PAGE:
Home > Uncategorized > Recent Jersey Scandals Share Common Root: Privatization

Recent Jersey Scandals Share Common Root: Privatization

Jails, Water Supply, Toxic Site Cleanup, & Forests – Privatization a Failure


Three major ongoing scandals in NJ share a common root: privatization of essential public responsibilities and functions to protect public health and safety.

These cases illustrate not only isolated political scandal and corruption, but massive and systemic policy failures.

They show how the pursuit of corporate profits conflicts with the public interest and how political connections corrupt so called “market competition” and invite abuse.

In a functioning democracy, each scandal – individually – is of such a magnitude to trigger widespread public outrage, investigative reporting, and oversight hearings with witnesses subpoenaed and sworn before the rolling cameras – followed by the perp walk.

But, don’t count on any of that or any intrepid journalist connecting the dots and exposing the shared ideological and policy roots of these clearly related scandals.

So, we briefly attempt to begin that work here today.

1. Privatization of Prisons – Crony Capitalism Kills

The NY Times’s remarkable investigative journalism 3 part series: Unlocked: Inside New Jersey’s Halfway Houses” strikes several devastating blows.

A private company, with personal political ties to Governor Christie, got paid 22% more money for providing 11% less service, all while thousands of prisoners escape, and one kills a woman.

The latter has been called “Chris Christie’s Willie Horton Problem”

The Governor, in a blatant and transparent coverup, then vetoes attempts by legislators to uncover the facts.

But read the full NY Times series, for all the ugly details.

A company with deep ties to Gov. Chris Christie dominates New Jersey’s system of large halfway houses. There has been little state oversight, despite widespread problems, The New York Times found.

The Bo Robinson center in New Jersey is as large as a prison and is intended to help inmates re-enter society. But The New York Times found that drugs, gangs and sexual abuse are rife behind its walls.

As financial pressures grow, officials are using vast halfway houses as dumping grounds, The New York Times found. At Delaney Hall in Newark, low-level offenders are thrown together with violent ones. 

Obviously, protecting community safety from convicted criminals is an essential government responsibility – but it has been privatized.

2. Privatization of Toxic Site Cleanup – Murder in Slow Motion

Jeff Pillets of the Bergen Record disclosed that Christie’s Economic Development Authority (EDA) rubber stamped a $335,000 GRANT to an ex-convict with Mafia ties for the cleanup of a toxic site he himself had created, which threatened the drinking water well field of Mahwah, NJ.

(see: Toxic Cleanup Grant To Convict Fiasco Opens A Can of Worms

But the real story is not  limited to the absurdity of giving taxpayer dollars to an ex-con for cleanup of a toxic mess he himself made.

No, the story again exposes a deeply broken DEP cleanup program – and worse, now that failed program has been privatized instead of fixed.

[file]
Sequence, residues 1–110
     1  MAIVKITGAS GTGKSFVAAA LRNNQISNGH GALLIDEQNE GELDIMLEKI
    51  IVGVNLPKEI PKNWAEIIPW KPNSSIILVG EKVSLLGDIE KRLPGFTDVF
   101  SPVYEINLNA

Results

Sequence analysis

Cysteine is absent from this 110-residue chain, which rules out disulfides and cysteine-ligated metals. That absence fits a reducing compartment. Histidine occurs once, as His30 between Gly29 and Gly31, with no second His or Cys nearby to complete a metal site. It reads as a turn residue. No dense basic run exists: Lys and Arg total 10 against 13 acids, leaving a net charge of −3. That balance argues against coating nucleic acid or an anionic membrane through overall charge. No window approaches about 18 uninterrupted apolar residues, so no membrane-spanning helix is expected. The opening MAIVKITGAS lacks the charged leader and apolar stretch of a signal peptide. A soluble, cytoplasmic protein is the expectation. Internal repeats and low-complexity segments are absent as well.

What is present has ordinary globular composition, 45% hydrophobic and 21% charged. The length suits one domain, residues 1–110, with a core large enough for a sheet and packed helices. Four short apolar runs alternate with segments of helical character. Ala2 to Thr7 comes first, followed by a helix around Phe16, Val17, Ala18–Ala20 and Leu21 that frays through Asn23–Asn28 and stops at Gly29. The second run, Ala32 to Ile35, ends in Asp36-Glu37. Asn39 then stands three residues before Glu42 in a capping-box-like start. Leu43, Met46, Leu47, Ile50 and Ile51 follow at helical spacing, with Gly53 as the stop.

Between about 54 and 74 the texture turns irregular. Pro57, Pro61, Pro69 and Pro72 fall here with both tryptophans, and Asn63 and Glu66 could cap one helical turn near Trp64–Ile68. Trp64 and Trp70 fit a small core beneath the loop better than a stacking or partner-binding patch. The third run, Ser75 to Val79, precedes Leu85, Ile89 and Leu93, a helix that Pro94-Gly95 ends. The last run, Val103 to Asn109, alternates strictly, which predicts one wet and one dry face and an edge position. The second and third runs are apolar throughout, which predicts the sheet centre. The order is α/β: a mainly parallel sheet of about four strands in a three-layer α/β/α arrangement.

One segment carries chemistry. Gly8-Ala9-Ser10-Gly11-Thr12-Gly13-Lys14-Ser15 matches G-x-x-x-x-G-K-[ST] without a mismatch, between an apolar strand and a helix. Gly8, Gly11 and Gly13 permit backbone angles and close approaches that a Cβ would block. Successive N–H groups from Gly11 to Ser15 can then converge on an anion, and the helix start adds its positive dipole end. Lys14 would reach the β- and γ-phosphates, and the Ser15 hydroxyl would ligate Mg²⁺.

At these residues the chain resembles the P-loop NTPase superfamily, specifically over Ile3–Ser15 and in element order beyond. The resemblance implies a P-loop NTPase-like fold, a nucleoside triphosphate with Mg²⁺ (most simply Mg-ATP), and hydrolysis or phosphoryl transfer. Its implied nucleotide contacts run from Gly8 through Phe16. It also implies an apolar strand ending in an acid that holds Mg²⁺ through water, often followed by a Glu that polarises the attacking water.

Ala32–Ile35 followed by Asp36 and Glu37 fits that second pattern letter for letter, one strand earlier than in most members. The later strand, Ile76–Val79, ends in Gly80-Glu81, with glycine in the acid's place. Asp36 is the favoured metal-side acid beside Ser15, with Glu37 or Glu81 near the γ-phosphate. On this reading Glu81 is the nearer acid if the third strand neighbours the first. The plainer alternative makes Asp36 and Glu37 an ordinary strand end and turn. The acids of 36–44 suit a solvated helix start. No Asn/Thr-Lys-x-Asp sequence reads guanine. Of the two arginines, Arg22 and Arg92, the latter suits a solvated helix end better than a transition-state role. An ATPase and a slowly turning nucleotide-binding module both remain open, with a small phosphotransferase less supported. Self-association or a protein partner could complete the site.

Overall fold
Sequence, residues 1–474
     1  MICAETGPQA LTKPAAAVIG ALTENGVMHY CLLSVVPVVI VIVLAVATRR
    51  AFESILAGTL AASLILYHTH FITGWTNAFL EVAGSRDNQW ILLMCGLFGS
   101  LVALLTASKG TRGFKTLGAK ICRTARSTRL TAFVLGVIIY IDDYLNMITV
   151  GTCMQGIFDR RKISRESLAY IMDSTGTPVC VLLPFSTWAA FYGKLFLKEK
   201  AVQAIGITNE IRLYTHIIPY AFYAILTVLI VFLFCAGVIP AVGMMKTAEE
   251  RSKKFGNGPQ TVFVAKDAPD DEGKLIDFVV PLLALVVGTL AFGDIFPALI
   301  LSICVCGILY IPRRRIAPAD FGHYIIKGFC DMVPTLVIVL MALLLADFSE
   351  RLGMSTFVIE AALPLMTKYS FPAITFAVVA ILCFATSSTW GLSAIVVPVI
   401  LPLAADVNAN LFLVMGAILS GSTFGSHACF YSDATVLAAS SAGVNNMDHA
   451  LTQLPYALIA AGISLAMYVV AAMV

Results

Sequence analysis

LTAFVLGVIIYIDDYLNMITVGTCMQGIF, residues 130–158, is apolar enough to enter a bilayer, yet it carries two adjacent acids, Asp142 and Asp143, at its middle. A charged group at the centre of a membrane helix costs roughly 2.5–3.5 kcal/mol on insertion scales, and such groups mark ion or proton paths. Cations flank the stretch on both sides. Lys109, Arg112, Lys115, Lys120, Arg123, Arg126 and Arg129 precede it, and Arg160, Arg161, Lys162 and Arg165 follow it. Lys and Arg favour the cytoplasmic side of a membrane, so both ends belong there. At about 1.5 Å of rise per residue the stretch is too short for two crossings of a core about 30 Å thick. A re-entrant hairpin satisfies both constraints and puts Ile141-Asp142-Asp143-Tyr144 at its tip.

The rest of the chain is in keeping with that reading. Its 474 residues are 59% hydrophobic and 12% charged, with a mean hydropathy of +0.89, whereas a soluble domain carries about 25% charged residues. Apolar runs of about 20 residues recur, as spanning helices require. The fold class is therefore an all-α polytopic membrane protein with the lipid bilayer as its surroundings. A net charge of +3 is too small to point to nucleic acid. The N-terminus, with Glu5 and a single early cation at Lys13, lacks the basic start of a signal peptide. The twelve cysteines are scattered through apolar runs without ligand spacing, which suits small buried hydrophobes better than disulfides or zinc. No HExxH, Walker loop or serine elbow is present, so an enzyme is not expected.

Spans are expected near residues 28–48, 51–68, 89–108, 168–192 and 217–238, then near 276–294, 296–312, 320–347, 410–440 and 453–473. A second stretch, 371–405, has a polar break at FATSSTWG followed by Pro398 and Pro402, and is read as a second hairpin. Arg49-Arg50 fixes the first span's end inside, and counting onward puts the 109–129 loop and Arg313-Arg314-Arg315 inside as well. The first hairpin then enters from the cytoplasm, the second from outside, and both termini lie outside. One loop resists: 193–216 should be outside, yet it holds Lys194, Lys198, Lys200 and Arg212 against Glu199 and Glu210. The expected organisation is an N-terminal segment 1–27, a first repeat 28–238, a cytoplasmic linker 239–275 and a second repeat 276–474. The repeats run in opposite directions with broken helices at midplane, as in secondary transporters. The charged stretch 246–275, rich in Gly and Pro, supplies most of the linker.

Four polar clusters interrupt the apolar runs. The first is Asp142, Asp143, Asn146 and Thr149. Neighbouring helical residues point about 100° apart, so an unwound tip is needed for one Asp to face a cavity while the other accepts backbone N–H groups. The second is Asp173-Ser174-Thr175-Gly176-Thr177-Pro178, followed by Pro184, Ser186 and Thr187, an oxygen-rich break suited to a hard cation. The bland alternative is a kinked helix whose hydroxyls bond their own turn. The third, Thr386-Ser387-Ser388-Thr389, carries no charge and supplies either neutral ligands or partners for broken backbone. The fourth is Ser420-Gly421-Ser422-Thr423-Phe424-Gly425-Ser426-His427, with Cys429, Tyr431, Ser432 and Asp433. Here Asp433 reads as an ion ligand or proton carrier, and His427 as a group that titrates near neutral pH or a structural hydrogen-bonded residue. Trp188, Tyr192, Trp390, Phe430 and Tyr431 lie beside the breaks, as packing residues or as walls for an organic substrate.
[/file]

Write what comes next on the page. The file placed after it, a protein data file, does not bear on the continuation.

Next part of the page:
Now, private consultants to corporate polluters (and ex-cons) make life and death decisions that impact the safety of your water supply.

Obviously, protecting the purity of the public water supply is an essential government responsibility – it too has been privatized.

I call it murder in slow motion, as cancer and other diseases associated with drinking polluted water take years to manifest themselves.

3. Privatization of Drinking Water – Failure to Maintain Infrastructure

The Star Ledger reports that a major water supply pipeline broke on Friday, causing havoc in Monmouth county, triggering severe water restrictions during a prolonged heatwave.

(see: Monmouth Water Emergency Illustrates Climate Change Risks and Reveals Deficits in NJ’s Adaptation Planning

NJ has a huge $8 billion unfunded water supply infrastructure deficit.

There is evidence that the pipeline broke due to damage it incurred many months ago during Hurricane Irene.

The private water company responsible for the disaster, NJ American Water Company, apparently failed to maintain and repair critical infrastructure.

NJ American – like all corporations – prefers to channel revenues into short term shareholder profits, instead of invest it in long term infrastructure integrity.

Obviously, safe and plentiful clean drinking water is vital for life and therefore is an essential government function.

But it too has been privatized, and we are just beginning to reap the whirlwind.

4. Privatization of Forests – Clearcuts on the Way?

And, despite this abysmal track record of privatization of essential government functions, legislation is pending that would essentially privatize Nj State Forests and put them in the hands of commercial loggers.

(see: Clearcut of Forest in Mass. Should Doom Pending NJ Legislation)

Where is The Lorax?

Categories: Uncategorized Tags:
  1. No comments yet.
  1. May 18th, 2015 at 05:59 | #1
  2. June 2nd, 2015 at 04:50 | #2
  3. June 10th, 2015 at 20:16 | #3
  4. June 29th, 2015 at 00:16 | #4
You must be logged in to post a comment.